NASA’s sky-watching update for May features some wonderful views of the moon, Saturn, Jupiter, Venus, and Mars.
Moon, Saturn, and Jupiter
First up, look out for Saturn rising with a half-full moon on the morning of May 13.
Several days later, on May 17, you can witness the beauty of a slim crescent moon rising about an hour before the sun comes up, and for folks in the U.S. and Canada, Jupiter will appear to be very close to our lunar neighbor.
Even more special, from locations in the southern U.S., Jupiter will pass behind the moon as both rise in the morning twilight, while from the western U.S., Jupiter will be obscured by the moon as the pair rise before coming into view as the sun comes up.
Be aware that this will take place quite low in the sky, so clear sight of the horizon is essential for a good view. A pair of binoculars will also be useful when the sky starts to brighten.
Moon, Venus, and Mars
After sunset on May 22 through 24, the moon, Venus, and Mars appear close together, with the moon seen between the two planets on May 23.
In its monthly notes, NASA says that Venus has been rising higher each evening for the past few months, explaining: “That begins to change in May, as the brilliant planet reaches its highest point in the western sky and starts trending lower as we move into June. It’ll disappear from evening skies by late July, reappearing in the eastern sky about a month later as a morning object.”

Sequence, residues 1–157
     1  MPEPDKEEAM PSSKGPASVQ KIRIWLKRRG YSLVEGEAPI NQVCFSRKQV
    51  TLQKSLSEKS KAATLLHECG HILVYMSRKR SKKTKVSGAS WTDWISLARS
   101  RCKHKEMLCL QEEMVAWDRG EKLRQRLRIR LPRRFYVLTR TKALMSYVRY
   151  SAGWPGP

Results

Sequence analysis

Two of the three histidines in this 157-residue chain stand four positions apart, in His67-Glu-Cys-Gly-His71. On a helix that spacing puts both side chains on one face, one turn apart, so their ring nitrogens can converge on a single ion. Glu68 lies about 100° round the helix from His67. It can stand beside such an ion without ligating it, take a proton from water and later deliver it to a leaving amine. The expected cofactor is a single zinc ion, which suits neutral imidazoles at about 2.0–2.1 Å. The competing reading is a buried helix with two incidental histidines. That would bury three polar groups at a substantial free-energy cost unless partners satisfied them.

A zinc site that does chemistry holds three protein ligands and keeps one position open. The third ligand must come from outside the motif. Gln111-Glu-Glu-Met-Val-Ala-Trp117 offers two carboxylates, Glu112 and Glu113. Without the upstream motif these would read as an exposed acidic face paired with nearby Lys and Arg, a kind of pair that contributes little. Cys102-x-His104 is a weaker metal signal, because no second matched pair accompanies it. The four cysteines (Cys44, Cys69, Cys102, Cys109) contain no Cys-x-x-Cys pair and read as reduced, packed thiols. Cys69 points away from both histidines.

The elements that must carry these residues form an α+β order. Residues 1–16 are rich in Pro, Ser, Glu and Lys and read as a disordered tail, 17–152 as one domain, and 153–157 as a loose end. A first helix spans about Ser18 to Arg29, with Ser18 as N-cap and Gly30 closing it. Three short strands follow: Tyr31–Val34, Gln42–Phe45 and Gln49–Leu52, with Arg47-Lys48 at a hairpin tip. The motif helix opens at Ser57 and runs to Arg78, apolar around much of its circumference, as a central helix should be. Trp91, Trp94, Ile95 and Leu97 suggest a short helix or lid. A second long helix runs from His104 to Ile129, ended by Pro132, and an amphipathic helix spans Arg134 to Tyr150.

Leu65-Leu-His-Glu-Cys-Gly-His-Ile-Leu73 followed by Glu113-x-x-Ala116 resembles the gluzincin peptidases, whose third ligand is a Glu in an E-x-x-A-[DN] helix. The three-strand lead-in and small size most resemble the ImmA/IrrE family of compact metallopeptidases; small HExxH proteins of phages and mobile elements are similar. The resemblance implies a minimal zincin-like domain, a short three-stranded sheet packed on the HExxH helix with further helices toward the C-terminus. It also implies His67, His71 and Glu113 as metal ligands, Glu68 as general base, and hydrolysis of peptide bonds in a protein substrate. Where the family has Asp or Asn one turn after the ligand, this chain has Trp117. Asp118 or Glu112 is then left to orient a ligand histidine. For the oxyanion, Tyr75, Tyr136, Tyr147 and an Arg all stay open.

And if you’re in the Southern Hemisphere, be sure to watch NASA’s video at the top of this page for some interesting information on how features in the sky appear a little differently than they do for folks in other parts of the world, for example, the moon’s phases fill up from left to right instead of right to left as they do in the north.
Finally, if you’re unsure about where to look for different planets and constellations, then be sure to try out one of these excellent astronomy apps.
- NASA’s June skywatching tips include Mars in the Beehive
- Venus, Jupiter, and Ceres feature in NASA’s skywatching tips for March
- NASA shares its skywatching tips for September
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- Do look up: NASA’s skywatching tips for May